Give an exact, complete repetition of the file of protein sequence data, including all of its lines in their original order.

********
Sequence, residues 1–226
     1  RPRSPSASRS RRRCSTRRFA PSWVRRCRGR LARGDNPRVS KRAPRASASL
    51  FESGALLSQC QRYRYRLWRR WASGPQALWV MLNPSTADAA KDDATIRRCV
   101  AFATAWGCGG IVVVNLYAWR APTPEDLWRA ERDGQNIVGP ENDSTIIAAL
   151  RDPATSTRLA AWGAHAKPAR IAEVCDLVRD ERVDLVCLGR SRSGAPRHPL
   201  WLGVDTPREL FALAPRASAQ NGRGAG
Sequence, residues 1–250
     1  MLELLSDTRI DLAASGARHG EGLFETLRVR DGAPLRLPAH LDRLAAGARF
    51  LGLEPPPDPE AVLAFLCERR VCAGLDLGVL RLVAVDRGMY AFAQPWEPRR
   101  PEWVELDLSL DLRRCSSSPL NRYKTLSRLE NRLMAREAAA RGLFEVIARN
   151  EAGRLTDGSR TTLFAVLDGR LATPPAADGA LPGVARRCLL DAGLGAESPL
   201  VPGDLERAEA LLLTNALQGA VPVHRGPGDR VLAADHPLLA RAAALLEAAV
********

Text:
Sequence, residues 1–226
     1  RPRSPSASRS RRRCSTRRFA PSWVRRCRGR LARGDNPRVS KRAPRASASL
    51  FESGALLSQC QRYRYRLWRR WASGPQALWV MLNPSTADAA KDDATIRRCV
   101  AFATAWGCGG IVVVNLYAWR APTPEDLWRA ERDGQNIVGP ENDSTIIAAL
   151  RDPATSTRLA AWGAHAKPAR IAEVCDLVRD ERVDLVCLGR SRSGAPRHPL
   201  WLGVDTPREL FALAPRASAQ NGRGAG
Sequence, residues 1–250
     1  MLELLSDTRI DLAASGARHG EGLFETLRVR DGAPLRLPAH LDRLAAGARF
    51  LGLEPPPDPE AVLAFLCERR VCAGLDLGVL RLVAVDRGMY AFAQPWEPRR
   101  PEWVELDLSL DLRRCSSSPL NRYKTLSRLE NRLMAREAAA RGLFEVIARN
   151  EAGRLTDGSR TTLFAVLDGR LATPPAADGA LPGVARRCLL DAGLGAESPL
   201  VPGDLERAEA LLLTNALQGA VPVHRGPGDR VLAADHPLLA RAAALLEAAV